Each of these problems is deeply painful, touching upon the innermost core of people’s lives. And yet no one explanation or solution fits the bill. Each case seems unique and personal; each stems from an endless number of possible root causes. Deciphering them would require a deep acquaintance with all the people involved. Past history, previous relationships, and personality type are just a few of the avenues that a therapist would need to pursue. This, at least, is what we, as clinicians in the field of mental health, were taught and believed, until we made a new discovery—one that provided a straightforward explanation for all three problems described above and many more. The story of this discovery, and what came after it, is what this book is about.

    IS LOVE ENOUGH?

    A few years ago, our close friend Tamara started dating someone new:

    I first noticed Greg at a cocktail party at a friend’s house. He was unbelievably good-looking, and I found the fact that I caught his eye very flattering. A few days later we went out for dinner with some other people, and I couldn’t resist the glimmer of excitement in his eyes when he looked at me. But what I found most enticing were his words and an implicit promise of togetherness that he conveyed. The promise of not being alone. He said things like “Tamara, you don’t have to be home all by yourself, you can come and work over at my place,” “You can call me any time you like.” There was comfort in these statements: The comfort of belonging to someone, of not being alone in the world. If I’d only listened carefully, I could have easily heard another message that was incongruent with this promise, a message that made it clear that Greg feared getting too close and was uncomfortable with commitment. Several times he’d mentioned that he’d never had a stable relationship—that for some reason he always grew tired of his girlfriends and felt the need to move on.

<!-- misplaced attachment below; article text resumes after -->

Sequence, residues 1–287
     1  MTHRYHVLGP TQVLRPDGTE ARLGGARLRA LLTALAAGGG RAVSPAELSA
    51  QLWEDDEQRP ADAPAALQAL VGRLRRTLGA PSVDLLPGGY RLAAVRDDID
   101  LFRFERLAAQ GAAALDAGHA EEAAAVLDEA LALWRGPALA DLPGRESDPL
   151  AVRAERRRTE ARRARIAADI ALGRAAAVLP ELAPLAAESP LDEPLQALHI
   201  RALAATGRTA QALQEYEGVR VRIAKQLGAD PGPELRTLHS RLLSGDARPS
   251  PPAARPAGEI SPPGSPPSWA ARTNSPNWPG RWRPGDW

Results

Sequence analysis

Though I could identify these issues as potentially problematic, at the time I didn’t know how to correctly gauge their implications. All I had to guide me was the common belief that many of us grow up with: The belief that love conquers all. And so I let love conquer me. Nothing was more important to me than being with him. Yet at the same time the other messages persisted about his inability to commit. I shrugged them...

About the Author-
  • AMIR LEVINE, M.D. is an adult, child, and adolescent psychiatrist and neuroscientist. He graduated from the residency program at New York Presbyterian Hospital/Columbia University and for the past few years Amir has been conducting neuroscience research at Columbia under the mentorship of Nobel Prize Laureate Eric Kandel. Amir also has a passion for working with patients and it is in this context, while working with mothers and children in a therapeutic nursery, that he first discovered the power of attachment theory. His clinical work together with his deep understanding of the brain from a neuroscientist's perspective contribute to his appreciation of attachment theory and its remarkable effectiveness in helping to heal patients. Amir lives in New York City.
    RACHEL HELLER, M.A. studied at Columbia University with some of the most prominent scholars in the field of social psychology. She now works with families and couples as a psychologist in private practice. Rachel lives in Israel.
Reviews-
  • Publisher's Weekly

    December 13, 2010
    According to psychiatrist and neuroscientist Levine and social psychologist Heller, one’s adult romantic partnerships have patterns similar to those one has as a child with one’s parents. Our individual attachment styles are thus, they conclude, hardwired into our brains. Focusing on three main attachment styles (secure, anxious, and avoidant), the authors explain the biological facts behind our relationship needs, teach readers how to identify their own and loved ones’ attachment styles, and warn of the emotional price of connecting with someone with drastically different intimacy needs. Teaching readers communication skills to breach these differences, the authors stress that people have very different capacities for intimacy, and that partners must ensure each other’s emotional well-being. Chock-full of tips, questionnaires, and case studies, this is a solidly researched and intriguing approach to the perennial trials of “looking for love in all the right places” and improving existing relationships.

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    All copies of this title, including those transferred to portable devices and other media, must be deleted/destroyed at the end of the lending period.

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The New Science of Adult Attachment and How It Can Help You Find—and Keep— Love
Amir Levine